The entire world is facing unprecedented fear and uncertainty. Recommended social distancing protocols mean more people are feeling isolated than ever before. Metro Nashville, in partnership with Psych Hub, is sharing the below resources to help people build resilience and find ways to cope.
We can all help prevent suicide. The Lifeline provides 24/7, free and confidential support for people in distress, prevention and crisis resources for you or your loved ones, and best practices for professionals.
Persons in crisis should call the Mobile Crisis line at 615-726-0125, or the Crisis Center at 615-244-7444, or the National Suicide Prevention Lifeline at 800-273-TALK (8255).
For more information about the Clinical Health Services offered by Metro Health, click here.
- Coping with Mental Health Issues From COVID-19
- Tips for Managing Social Isolation
- Tips for Managing Working from Home
- Wellness Tips for Improving Your Mental Health
- The Connection Between Mental and Physical Health
- Drinking or Using More Than Intended
- Depressed Mood: Smiling on the Outside
- Self Care as a Caregiver: Protecting Yourself from Burnout
- Post Traumatic Stress Disorder (PTSD)
- What is Anxiety
- Panic Attacks: Dying Every Time
- Difficulty Sleeping
Resources for Youth:
- Youth Mental Health Crisis: Options and Resources
- Depression and Anxiety in Youth: What a Family Needs to Know
- Traumatic Events During Childhood: How to Help in the Moment
- Youth Suicide: What a Family Needs to Know
Health care workers, including those on the front line of the pandemic and those providing behavioral health care, are also suffering mental health consequences. A recent survey found that, of 1,257 health care workers caring for COVID-19 patients in China, 71.5% report experiencing symptoms of psychological distress. Additionally, 50% showed symptoms of depression, 45% of anxiety, and 34% of insomnia. Health care providers in the United States are likely to suffer the same symptoms, so we hope to get ahead of that with these resources.
Resources for Health Care Providers:
American Psychological Association (APA): APA’s resources include articles, tip sheets, podcasts, and webinars to support the mental wellness of psychologists, health care professionals, and those in quarantine due to COVID-19. Learn more at www.apa.org/COVID-19.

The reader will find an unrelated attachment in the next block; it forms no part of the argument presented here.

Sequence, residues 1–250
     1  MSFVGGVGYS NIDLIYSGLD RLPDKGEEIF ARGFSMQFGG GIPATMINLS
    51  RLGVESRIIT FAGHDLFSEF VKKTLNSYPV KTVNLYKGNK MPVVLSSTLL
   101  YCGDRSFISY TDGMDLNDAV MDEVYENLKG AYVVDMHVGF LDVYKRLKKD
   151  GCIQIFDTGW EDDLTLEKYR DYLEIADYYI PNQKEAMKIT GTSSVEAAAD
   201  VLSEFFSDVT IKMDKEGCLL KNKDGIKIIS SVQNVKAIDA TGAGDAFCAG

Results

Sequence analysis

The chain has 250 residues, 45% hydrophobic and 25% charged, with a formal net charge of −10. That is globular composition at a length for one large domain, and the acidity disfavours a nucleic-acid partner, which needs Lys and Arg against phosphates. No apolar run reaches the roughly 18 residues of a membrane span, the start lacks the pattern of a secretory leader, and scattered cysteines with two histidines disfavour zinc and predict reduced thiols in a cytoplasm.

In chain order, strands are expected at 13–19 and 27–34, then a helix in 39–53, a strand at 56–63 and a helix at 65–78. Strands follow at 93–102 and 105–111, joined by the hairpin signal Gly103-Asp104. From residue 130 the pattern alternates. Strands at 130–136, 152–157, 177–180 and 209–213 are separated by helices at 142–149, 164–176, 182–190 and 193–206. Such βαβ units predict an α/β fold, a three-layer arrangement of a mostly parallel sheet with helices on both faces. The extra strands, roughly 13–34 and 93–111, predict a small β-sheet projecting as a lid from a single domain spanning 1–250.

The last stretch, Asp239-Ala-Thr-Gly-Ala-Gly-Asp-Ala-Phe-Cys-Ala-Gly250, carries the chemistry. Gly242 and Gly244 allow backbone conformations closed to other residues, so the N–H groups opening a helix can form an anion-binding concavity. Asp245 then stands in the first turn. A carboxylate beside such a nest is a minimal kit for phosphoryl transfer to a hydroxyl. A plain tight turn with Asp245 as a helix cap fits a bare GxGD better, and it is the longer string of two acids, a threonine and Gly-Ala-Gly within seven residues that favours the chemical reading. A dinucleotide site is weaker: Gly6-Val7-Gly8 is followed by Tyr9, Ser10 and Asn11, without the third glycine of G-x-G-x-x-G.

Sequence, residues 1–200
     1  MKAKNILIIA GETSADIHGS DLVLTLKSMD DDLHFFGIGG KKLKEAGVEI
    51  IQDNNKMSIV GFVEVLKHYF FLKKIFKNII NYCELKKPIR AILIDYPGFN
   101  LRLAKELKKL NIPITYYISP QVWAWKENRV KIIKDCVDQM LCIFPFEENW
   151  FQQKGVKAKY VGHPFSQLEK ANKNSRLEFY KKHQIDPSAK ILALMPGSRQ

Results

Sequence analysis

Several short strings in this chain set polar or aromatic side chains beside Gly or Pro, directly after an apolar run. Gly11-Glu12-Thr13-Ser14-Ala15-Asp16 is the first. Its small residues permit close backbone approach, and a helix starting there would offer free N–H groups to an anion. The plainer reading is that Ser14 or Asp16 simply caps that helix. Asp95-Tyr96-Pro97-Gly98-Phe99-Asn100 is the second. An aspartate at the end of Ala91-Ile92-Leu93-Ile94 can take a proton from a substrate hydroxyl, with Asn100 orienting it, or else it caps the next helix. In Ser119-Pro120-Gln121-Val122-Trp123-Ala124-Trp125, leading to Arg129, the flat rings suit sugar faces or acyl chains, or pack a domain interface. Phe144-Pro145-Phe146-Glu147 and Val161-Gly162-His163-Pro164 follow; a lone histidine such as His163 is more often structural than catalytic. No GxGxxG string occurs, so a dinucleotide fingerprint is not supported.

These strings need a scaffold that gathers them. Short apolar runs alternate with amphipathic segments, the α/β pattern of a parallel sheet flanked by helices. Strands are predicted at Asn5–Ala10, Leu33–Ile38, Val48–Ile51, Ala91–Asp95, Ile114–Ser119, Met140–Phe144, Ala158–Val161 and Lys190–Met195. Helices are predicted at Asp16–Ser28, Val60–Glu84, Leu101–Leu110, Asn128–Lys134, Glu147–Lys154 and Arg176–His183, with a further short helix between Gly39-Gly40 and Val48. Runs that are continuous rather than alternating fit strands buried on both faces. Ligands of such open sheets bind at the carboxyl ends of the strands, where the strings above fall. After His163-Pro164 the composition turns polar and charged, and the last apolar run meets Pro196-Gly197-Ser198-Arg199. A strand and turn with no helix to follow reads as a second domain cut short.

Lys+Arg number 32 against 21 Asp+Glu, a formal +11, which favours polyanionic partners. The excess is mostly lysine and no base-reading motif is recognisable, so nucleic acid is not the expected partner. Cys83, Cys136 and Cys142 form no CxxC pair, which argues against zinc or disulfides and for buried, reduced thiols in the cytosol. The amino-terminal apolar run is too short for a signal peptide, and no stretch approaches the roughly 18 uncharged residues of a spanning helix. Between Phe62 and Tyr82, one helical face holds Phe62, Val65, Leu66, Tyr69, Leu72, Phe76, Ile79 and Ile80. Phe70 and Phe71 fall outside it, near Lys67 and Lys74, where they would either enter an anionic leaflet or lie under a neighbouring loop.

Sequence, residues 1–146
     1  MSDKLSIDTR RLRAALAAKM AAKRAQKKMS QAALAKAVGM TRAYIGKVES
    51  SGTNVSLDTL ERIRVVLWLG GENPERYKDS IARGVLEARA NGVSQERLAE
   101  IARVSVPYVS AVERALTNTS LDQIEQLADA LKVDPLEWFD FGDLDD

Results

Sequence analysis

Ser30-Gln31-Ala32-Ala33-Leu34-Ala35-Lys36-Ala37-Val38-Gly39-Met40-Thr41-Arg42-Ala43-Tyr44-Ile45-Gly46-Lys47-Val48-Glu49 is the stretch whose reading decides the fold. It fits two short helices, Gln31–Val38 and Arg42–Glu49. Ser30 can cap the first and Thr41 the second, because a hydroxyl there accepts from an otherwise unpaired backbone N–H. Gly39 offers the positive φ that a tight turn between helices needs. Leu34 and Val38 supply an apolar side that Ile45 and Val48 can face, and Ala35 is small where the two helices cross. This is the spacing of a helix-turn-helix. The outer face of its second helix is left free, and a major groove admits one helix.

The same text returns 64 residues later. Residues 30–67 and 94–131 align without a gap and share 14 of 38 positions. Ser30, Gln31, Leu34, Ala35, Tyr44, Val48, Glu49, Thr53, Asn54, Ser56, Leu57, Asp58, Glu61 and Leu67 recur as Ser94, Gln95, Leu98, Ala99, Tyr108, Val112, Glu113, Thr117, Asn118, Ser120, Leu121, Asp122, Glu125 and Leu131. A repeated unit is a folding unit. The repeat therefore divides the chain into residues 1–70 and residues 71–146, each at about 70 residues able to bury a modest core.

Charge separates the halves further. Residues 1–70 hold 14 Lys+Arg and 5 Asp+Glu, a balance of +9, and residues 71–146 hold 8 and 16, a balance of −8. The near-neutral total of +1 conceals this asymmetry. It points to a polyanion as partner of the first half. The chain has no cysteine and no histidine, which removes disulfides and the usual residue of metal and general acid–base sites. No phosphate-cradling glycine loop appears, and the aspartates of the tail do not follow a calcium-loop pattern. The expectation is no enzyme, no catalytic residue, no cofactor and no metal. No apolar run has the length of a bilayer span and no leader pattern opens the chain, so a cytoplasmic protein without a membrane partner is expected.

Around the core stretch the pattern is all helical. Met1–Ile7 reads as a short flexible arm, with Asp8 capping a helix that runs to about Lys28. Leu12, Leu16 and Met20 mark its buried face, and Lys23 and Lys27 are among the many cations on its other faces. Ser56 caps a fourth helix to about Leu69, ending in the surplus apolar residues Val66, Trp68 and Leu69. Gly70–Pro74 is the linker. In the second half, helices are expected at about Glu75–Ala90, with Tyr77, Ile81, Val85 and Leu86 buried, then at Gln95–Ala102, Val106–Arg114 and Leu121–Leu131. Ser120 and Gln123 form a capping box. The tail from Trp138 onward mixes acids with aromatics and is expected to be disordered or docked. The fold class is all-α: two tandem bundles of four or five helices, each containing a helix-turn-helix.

American Foundation for Suicide Prevention (AFSP): AFSP’s resources are designed to help everyone to take care of their mental health and to reach out and stay connected to those who may be isolated and need the extra support. Learn more about AFSP’s resources on Mental Health and COVID19 by visiting https://afsp.org/COVID19
Columbia Psychiatry: Columbia Psychiatry resources include articles, mini-courses, podcasts, webinars and interviews to support the work and mental wellness of health care professionals, researchers, patients and those in quarantine due to COVID-19. Learn more at https://www.cuimc.columbia.edu/coronavirus-resource-center and https://www.columbiapsychiatry.org/news/covid-19-updates-and-information-columbia-psychiatry
Mental Health America: Mental Health America provides guidance in numerous areas, including financial support, tools and information on anxiety, tools to connect with others, resources for immediate response, webinars, live events and workshops, for mental health providers, parents, caregivers, older adults, domestic violence survivors, the LGBTQ community, veterans, how-to articles, and general information about COVID-19. Find the comprehensive list at mhanational.org/covid19.
National Alliance on Mental Illness (NAMI): NAMI’s resources address FAQs regarding the intersection between the coronavirus and people affected by mental illness and their families and caregivers. Topics range from managing anxiety and social isolation to accessing health care and medications. Learn more at https://nami.org/covid-19.